Tube-nosed bat among 200 new species
London: A tube-nosed fruit bat with striking resemblance to Jedi Master Yoda, a character in space fiction Star Wars, is among more than 200 animals and plants that scientists have discovered in Papua New Guinea.
The bat, along with an orange spider, a thumbnail-sized frog and a mouse with a white-tipped tail are among a host of new species found from the rugged and little-explored Nakanai and Muller mountain ranges last year.
The findings included two mammals, 24 species of frog, nine plants, nearly 100 new insects including damselflies, crickets and ants, and around 100 spiders, according to the Conservation International which led the scientific team that surveyed the region, the Daily Mail reported.
Leeanne Alonso, Conservation International's rapid assessment programme director, described the discoveries as "incredibly significant". "While very encouraging, these discoveries do not mean that our global biodiversity is out of the woods," she said.
"On the contrary, they should serve as a cautionary message about how much we still don't know about Earth's still hidden secrets and important natural resources, which we can only preserve with co-ordinated, long-term management."
The scientists carried out two surveys in the rain forests of Papua New Guinea between April and September 2009.
In the first phase, the teams explored different altitudes of the forest-cloaked Nakanai mountains, which host cave systems and some of the world's largest underground drivers. And in the second expedition, they accessed remote areas by plane, dinghy, on foot and even by helicopter in the Muller range.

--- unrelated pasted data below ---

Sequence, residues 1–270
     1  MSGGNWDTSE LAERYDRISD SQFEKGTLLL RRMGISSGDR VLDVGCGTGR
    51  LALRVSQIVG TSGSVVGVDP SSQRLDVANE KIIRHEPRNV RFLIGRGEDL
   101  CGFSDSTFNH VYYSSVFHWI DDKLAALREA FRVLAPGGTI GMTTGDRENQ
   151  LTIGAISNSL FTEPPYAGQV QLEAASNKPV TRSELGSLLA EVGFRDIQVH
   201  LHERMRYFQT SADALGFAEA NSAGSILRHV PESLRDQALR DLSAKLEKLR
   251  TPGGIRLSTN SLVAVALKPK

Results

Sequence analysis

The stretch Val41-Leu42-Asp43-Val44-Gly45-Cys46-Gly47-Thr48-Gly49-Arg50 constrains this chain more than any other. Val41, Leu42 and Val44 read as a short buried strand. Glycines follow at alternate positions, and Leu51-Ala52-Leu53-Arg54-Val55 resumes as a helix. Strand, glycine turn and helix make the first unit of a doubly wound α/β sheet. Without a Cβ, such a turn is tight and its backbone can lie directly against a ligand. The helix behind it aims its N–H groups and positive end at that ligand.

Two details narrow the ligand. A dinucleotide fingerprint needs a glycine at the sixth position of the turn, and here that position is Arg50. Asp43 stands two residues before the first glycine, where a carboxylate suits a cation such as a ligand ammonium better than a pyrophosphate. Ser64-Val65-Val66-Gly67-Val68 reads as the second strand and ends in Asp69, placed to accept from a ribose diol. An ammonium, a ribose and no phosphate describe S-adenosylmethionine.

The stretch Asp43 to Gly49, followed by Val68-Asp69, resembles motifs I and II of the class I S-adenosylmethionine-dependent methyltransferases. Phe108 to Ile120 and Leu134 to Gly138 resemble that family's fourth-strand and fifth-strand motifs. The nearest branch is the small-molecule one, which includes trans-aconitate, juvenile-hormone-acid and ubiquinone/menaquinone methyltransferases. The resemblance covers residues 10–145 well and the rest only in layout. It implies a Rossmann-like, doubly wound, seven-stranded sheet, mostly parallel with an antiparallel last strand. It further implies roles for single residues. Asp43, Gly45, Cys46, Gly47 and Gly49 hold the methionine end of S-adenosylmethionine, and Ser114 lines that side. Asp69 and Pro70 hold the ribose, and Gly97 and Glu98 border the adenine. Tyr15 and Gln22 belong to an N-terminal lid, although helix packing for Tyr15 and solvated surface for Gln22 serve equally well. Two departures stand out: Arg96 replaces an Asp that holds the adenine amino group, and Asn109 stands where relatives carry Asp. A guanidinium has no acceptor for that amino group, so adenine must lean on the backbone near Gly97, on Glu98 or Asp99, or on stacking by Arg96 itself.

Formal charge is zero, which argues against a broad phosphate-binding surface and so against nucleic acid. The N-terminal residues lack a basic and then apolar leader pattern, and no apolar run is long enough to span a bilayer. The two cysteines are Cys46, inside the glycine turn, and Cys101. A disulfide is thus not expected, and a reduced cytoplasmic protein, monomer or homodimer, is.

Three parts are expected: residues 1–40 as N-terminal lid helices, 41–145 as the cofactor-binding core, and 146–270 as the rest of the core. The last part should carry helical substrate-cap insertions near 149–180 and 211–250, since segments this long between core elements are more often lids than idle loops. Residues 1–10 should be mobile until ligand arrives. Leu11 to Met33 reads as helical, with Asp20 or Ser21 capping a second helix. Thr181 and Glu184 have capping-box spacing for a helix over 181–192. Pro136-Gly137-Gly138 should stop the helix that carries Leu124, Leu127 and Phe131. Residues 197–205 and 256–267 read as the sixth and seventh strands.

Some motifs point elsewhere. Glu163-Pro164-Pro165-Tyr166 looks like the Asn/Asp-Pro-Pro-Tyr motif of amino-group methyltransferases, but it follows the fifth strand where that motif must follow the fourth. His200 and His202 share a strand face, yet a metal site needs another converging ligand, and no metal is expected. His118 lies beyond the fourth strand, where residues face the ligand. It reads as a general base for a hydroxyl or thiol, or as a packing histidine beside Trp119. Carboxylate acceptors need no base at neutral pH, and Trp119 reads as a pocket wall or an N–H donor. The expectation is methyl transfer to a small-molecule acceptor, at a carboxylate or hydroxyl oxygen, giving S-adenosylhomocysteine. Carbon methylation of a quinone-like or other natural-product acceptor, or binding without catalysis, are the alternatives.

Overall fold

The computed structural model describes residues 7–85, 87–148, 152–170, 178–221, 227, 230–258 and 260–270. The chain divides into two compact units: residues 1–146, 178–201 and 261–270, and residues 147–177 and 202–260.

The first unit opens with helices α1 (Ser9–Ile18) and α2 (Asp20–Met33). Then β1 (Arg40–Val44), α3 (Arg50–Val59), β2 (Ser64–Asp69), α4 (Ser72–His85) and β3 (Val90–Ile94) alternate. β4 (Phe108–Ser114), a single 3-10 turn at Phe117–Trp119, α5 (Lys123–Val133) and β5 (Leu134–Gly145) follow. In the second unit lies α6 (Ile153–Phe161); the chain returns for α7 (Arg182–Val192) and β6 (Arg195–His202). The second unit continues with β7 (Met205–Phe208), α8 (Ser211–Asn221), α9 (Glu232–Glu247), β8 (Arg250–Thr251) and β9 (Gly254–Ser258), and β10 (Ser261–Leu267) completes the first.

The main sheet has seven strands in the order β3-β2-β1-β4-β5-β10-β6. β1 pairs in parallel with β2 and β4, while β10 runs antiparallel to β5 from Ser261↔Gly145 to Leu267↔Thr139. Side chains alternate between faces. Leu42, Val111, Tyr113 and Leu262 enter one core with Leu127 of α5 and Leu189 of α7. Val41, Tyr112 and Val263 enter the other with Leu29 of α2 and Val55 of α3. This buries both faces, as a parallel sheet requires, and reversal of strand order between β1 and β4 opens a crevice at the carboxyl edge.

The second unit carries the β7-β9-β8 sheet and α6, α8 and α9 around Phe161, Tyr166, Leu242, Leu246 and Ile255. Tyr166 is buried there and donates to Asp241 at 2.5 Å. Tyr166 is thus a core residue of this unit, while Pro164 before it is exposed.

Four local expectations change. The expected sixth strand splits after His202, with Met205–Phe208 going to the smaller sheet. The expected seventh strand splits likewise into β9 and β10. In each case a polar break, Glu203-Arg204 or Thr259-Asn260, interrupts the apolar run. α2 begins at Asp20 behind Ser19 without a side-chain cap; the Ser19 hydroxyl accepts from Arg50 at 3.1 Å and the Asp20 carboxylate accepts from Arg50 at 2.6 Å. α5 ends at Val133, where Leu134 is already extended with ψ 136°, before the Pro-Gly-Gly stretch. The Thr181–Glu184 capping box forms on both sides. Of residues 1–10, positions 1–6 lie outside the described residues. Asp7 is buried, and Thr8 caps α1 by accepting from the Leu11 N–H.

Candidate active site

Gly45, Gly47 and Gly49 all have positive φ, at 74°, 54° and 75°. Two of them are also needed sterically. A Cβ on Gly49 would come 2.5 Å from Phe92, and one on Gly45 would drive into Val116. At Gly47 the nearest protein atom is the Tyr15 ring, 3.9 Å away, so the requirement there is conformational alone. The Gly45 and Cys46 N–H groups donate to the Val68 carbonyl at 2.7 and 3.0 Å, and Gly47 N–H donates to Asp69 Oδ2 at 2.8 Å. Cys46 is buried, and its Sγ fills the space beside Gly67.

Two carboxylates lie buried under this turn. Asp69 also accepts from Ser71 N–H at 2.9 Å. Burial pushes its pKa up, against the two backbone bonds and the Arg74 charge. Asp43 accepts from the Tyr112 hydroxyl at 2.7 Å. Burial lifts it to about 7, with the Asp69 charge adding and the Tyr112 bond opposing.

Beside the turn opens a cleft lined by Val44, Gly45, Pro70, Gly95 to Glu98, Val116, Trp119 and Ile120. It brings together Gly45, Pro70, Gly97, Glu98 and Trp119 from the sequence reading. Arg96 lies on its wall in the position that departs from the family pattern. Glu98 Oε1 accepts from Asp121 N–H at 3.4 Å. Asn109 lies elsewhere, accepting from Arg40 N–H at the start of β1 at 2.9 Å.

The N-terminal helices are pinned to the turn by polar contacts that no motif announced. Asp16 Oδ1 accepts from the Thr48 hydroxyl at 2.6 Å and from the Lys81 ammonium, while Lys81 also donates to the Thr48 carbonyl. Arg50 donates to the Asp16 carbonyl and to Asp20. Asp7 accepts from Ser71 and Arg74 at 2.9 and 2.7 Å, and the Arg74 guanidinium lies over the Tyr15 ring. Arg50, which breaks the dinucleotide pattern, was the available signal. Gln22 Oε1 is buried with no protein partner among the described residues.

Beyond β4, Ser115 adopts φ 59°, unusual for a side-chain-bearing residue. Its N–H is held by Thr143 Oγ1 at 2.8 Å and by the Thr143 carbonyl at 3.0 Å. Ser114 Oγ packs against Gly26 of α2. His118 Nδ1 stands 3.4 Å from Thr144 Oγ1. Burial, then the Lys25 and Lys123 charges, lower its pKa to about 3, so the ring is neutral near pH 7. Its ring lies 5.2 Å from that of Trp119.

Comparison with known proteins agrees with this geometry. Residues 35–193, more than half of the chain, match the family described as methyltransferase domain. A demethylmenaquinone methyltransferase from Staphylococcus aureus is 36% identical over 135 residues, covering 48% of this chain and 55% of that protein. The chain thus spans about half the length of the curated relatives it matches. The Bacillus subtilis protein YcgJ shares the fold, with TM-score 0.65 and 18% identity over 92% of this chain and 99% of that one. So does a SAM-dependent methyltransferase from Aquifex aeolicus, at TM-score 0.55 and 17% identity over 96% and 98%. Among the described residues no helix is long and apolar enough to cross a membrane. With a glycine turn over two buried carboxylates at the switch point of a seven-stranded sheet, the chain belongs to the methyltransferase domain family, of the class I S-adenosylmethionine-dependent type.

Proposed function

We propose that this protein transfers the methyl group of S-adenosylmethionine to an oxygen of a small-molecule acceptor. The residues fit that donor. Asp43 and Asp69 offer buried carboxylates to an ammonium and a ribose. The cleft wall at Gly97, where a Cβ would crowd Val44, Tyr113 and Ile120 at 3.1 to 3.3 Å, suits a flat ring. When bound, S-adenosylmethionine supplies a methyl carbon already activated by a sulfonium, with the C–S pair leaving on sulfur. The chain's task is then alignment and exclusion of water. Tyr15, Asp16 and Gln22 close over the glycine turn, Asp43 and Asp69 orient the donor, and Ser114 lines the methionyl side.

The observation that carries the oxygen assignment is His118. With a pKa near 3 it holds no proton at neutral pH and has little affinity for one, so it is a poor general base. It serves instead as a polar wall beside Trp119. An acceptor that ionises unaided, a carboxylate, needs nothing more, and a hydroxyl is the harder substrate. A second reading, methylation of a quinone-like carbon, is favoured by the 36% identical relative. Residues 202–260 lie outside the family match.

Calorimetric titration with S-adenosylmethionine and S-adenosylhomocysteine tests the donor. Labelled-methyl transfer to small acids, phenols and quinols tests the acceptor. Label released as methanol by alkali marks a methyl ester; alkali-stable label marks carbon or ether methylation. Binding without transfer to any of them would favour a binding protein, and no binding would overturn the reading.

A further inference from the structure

In the Nakanai surveys, scientists discovered a beautiful yellow-spotted frog found only high up in the mountains, the mouse with the white-tipped tail and the tiny 2cm frog which calls for a mate in the afternoon -- unlike most frogs in the area which call at night.
In the Muller range, researchers found what they described as a 'spectacular variety' of insects, spiders and frogs.
One of the newly-discovered katydids has exceptionally long, spiny hind legs which it uses to jab at anything that threatens it, one new species has pink eyes and another has emerald-green patterning.
Dr Martin Kaonga of Papua New Guinea's conservation organisation A Rocha International, which was also part of the expedition team, said: "It's very important we find these species, because it's only when you know what species exist in an area that you may be in a position to understand how to manage that given area."
He also said species may have uses, for example as medicines, and that there was a need to raise understanding among local people of the value of the wildlife found in their